This decision implies that an applicant must emphasize their subjective fear, as opposed to the objective conditions leading to their flight. In other words, they must prove that they are at a greater risk when compared with the risks that all other citizens face on account of the armed conflict or civil war. The presumption made in the above decision of the SCC is that there can be no differential risk if the political, racial, religious, national, or other motivation for the harm simply arises out of the conflict itself.

This approach results in the paradoxical situation that while it is accepted that many civil wars are fought for discriminatory motives, the persecution that results is too indiscriminate to amount to "persecution" within the meaning of the RC. Moreover, it implies the doubtful assertion that it is not persecution if it affects a broad group of people.

A balanced approach

The shortcomings of these restrictive approaches can be overcome by paying greater attention to the principles of IHL. Reference to IHL is explicit in Article 1(F) of the RC, in regards to exclusion clauses however IHL is rarely referred to in regards to the inclusion clauses in the RC.

Attention to IHL norms within refugee status determination procedures requires that decision-makers examine the objective situation in the country of origin so as to determine from which sort of conflict the individual or group is fleeing. Decision-makers would be obliged to apply the principles of IHL to government forces and belligerent groups alike. IHL makes a five-fold classification of armed conflict under which different norms apply depending upon the nature of the conflict. The five categories are: (1) traditional armed conflict, defined in common Article 2 of the Geneva Conventions; (2) those conflicts waged in the context of racist and/or colonial regimes and alien occupation, as defined in Article 1(4) of the Additional Protocol I of 1977; (3) those conflicts between a state and organized armed groups under responsible command and who have control over a territory, as defined in Additional Protocol II; (4) those conflicts falling under common Article 3 of the Geneva Conventions, referring to non-international conflicts, and ; (5) riots, internal disorder, and tensions subject to national laws and minimal international law standards. The latter category marks the threshold below which common Article 3 does not apply because the level of internal violence is too low.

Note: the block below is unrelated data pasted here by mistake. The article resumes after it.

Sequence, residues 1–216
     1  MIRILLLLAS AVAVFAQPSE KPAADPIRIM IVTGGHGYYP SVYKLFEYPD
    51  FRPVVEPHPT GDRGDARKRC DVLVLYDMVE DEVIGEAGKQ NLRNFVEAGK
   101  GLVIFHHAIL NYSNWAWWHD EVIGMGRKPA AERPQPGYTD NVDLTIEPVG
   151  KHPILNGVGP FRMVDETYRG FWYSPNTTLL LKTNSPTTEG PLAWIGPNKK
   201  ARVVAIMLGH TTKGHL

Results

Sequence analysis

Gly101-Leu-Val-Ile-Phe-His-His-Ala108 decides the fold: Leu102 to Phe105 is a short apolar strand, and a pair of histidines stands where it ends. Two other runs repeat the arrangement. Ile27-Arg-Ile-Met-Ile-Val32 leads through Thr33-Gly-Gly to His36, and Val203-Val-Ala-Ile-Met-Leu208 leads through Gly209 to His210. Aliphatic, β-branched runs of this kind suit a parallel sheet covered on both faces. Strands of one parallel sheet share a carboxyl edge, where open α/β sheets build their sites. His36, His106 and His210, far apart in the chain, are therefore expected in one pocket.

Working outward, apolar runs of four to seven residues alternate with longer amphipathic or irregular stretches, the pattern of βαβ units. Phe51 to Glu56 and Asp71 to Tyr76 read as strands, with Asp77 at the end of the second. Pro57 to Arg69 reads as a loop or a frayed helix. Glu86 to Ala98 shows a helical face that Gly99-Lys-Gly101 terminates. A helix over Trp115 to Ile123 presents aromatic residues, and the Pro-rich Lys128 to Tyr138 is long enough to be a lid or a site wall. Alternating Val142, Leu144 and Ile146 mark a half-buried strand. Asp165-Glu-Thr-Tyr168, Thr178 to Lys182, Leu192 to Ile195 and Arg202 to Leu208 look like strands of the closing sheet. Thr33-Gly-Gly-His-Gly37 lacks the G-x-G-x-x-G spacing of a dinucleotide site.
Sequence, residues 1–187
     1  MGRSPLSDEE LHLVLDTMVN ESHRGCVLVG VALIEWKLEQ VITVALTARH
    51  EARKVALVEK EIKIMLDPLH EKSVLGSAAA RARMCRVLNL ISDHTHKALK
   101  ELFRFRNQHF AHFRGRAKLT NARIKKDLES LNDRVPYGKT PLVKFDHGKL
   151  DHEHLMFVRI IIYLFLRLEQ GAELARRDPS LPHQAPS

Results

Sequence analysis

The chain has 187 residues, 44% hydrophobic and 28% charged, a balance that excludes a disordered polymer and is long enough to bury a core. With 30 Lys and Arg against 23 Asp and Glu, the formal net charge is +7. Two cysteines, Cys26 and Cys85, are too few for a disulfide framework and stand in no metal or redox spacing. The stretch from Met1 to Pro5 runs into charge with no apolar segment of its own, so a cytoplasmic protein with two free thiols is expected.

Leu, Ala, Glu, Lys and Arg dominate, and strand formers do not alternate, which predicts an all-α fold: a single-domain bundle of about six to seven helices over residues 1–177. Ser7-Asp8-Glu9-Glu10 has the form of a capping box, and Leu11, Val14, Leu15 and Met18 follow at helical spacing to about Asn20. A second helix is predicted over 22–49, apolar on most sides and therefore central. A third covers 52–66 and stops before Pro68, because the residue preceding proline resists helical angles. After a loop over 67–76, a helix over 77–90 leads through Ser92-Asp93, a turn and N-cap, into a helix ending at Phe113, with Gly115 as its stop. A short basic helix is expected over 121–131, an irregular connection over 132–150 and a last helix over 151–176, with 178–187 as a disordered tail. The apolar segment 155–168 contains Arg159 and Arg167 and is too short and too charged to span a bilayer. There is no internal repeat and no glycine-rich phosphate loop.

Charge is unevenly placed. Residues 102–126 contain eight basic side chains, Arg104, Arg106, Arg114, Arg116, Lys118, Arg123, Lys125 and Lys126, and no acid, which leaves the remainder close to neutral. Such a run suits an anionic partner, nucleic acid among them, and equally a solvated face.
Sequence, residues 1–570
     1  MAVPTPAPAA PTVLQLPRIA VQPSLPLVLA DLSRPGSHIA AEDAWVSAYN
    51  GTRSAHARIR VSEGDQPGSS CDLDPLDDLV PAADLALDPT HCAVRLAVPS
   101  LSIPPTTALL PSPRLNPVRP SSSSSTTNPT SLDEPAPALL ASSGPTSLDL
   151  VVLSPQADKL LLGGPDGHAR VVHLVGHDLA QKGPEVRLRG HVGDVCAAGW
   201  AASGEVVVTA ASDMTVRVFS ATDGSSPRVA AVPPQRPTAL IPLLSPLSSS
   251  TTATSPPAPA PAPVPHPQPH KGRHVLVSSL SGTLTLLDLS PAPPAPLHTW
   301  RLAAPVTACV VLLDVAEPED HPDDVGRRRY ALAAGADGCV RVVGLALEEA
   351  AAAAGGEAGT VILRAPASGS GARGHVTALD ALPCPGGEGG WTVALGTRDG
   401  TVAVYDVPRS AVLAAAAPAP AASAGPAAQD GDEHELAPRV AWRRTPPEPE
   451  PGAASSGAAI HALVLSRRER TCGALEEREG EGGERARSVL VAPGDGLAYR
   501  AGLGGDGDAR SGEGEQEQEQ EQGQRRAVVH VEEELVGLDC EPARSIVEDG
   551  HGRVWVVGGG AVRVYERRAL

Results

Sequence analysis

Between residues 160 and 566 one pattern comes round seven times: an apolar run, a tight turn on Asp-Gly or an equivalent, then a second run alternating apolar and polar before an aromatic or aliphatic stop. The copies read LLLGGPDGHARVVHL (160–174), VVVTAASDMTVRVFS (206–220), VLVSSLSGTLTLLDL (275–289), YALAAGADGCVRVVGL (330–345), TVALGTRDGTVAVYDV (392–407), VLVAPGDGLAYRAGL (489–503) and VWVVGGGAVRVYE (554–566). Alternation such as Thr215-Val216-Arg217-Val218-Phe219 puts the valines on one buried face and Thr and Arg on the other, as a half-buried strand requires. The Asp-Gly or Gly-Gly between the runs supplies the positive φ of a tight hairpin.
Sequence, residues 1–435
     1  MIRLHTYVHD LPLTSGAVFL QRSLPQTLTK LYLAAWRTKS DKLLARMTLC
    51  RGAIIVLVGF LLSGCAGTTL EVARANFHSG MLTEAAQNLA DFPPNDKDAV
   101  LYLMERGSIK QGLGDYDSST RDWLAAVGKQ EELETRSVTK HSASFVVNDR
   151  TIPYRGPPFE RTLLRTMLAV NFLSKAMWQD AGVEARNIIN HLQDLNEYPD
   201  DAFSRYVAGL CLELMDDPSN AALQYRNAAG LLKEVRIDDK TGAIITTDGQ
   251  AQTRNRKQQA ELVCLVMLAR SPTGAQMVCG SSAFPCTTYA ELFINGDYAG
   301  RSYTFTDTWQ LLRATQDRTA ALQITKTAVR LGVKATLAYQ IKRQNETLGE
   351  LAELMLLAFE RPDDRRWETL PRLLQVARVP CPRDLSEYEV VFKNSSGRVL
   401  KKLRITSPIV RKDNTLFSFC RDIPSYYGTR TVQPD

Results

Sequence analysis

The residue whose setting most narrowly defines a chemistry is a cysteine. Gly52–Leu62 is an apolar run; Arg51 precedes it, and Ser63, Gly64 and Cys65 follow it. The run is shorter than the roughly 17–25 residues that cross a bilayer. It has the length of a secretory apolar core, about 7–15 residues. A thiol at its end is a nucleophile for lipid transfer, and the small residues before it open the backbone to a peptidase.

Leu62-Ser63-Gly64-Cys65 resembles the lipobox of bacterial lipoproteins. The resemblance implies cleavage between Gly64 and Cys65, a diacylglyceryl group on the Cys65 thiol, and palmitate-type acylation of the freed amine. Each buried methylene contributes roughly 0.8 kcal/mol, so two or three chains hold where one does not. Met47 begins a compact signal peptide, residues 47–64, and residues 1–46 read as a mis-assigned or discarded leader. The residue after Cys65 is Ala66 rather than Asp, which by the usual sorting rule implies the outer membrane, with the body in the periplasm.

When faced with making a determination regarding the nature of the internal conflict, decision-makers are required to examine the conditions in the country of origin on a case-by-case basis. In this case, IHL may provide greater protection to the extent that a wide range of IHL norms enjoy the status of non-derogable norms. In contrast, a list of similar norms in IHRL hinges precisely on whether there is a war or "public emergency" in which case these rights can be limited. That decision-makers examine objective conditions in the country-of-origin, is not a ridiculous demand, as such information must be considered anyway before returning an individual if she is deemed not deserving of refugee status.

Canadian Guidelines on Civilian Non-Combatants Fearing Persecution in Civil War Situations, 17, March 1996.
International Committee of the Red Cross. Refugees and Internally Displaced Peoples and International Humanitarian Law!Open
Society of Professional Journalists. Reference Guide to Geneva Conventions. Online:
1949 Geneva Conventions and 1977 Protocols, ICRC
Last updated Aug 17, 2011